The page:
Though I will try to explain, not all will understand. But my kids would understand, and maybe, for this, that is all that matters. I call my kids losers. Every day. Every day, as they leave, I throw them a “Later, losers!” as we shuffle off to the next segment of our day. Many of them, return the sentiment. And I accept it warmly. Takes one to know one, and I am the lead loser in the room.
Okay. I know that some are raising a brow by now, “What kind of teacher calls his kids losers?” I get it. My job is to build them up, not beat them down. It runs counter to the idea of creating a nurturing, safe environment for our young learners. So, then, Mr. Syrie, what gives? It’s a test. One I have used for years. I call it the “loser test.”
Nothing I do is more important than build relationships–real relationships–with my kids. Everything follows from there. And in that building, comes a fond familiarity, the same fond familiarity that exists in most real relationships. When I call my lifelong friend Josh a jackass, he knows I mean, “I love you, man.” When I tell my two grade-level collaborators Jenna and Maddie that “I have better things to do than sit around and talk to you two all day,” they know I mean, “I cannot do what I do without you.” And so, when I dismiss my kids with a “Later, Losers,” they know I mean, “I value you, I will miss you.” Ask them.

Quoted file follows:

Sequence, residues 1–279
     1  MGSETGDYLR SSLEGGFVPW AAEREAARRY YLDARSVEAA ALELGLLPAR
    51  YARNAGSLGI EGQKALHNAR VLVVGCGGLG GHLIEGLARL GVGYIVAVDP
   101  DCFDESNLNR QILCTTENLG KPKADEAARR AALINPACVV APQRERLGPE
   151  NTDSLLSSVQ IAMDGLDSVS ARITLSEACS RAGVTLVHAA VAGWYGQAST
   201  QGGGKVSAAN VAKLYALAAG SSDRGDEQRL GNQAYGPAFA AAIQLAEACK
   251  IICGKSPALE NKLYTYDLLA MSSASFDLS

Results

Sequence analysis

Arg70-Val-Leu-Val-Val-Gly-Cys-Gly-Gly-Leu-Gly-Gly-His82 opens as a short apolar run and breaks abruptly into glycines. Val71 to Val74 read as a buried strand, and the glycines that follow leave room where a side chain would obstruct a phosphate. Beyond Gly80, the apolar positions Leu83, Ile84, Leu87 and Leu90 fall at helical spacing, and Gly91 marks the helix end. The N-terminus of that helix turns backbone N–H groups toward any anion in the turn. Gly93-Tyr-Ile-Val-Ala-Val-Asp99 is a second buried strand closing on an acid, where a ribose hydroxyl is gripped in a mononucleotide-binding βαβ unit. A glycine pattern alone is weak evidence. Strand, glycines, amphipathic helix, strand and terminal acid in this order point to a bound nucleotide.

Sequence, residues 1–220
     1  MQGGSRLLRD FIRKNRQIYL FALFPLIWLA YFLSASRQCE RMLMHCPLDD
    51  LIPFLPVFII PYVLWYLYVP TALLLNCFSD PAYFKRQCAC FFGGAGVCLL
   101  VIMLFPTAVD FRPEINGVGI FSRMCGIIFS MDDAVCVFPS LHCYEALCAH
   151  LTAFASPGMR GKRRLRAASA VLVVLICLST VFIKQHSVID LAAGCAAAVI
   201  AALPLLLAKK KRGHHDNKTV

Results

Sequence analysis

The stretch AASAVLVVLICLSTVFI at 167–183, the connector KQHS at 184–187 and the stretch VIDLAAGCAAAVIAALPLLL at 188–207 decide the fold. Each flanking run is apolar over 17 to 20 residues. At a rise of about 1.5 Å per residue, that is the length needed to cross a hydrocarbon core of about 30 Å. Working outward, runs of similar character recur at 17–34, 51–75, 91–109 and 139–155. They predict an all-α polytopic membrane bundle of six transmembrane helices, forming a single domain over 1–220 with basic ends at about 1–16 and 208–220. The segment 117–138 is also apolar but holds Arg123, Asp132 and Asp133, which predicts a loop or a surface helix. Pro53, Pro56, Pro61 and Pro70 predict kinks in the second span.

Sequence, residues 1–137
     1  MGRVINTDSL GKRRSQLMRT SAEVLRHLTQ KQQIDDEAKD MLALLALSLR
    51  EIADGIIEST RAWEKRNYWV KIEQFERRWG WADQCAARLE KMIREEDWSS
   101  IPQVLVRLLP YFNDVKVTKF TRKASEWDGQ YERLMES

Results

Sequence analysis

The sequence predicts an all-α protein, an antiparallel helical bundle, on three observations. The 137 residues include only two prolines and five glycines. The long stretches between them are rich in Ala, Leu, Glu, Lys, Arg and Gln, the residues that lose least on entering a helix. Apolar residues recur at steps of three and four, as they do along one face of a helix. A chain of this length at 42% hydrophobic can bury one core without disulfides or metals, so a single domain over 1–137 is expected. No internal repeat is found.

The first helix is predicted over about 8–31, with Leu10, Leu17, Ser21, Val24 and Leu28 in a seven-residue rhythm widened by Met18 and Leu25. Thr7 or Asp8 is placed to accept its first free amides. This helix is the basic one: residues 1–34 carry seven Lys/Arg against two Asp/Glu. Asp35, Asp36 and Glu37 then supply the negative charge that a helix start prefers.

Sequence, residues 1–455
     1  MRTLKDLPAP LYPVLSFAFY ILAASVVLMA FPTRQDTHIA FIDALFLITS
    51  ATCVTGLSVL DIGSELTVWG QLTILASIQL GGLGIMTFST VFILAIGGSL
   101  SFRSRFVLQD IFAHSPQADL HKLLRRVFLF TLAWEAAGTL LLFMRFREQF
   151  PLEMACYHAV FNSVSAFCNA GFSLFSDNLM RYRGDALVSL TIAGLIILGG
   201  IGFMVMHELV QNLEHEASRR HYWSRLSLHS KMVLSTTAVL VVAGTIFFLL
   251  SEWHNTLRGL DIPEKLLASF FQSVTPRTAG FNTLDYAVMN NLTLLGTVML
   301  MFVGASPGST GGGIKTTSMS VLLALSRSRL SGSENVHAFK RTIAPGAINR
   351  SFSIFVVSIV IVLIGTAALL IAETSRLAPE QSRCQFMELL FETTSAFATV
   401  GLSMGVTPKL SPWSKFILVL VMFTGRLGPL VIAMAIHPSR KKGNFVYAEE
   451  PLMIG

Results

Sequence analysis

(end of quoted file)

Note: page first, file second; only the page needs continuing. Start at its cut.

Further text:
Here’s my thinking around this unconventional approach. If I can call my kids losers without their thinking they’re losers, then I have established a real relationship with them. Of course, I do not begin the year by calling my kids losers. I don’t know them, and they don’t know me. But in my concerted efforts to forge relationships with them, it doesn’t take me very long. And, too, there are some kids I would never call “loser” individually, for the depth is not there. And that’s the reality of it. Try as I might–and I try hard–there are some kids with whom I never achieve that fond familiarity. But there are many with whom I do, and I let them know, as I often as I can, how much I value our connection. And, thus, I pay them the highest of compliments. I call them losers.
Today, I will pay my last compliment to my seniors as they walk into the next stages of their lives. I had many of them as sophomores, so after two full years with them, the familiarity, the fondness flows deeply. They are losers to the “nth” degree. And so, with a heavy heart, a warm smile, and a handshake or a hug, I will do today what I have done for so long, I will call them losers–one last time.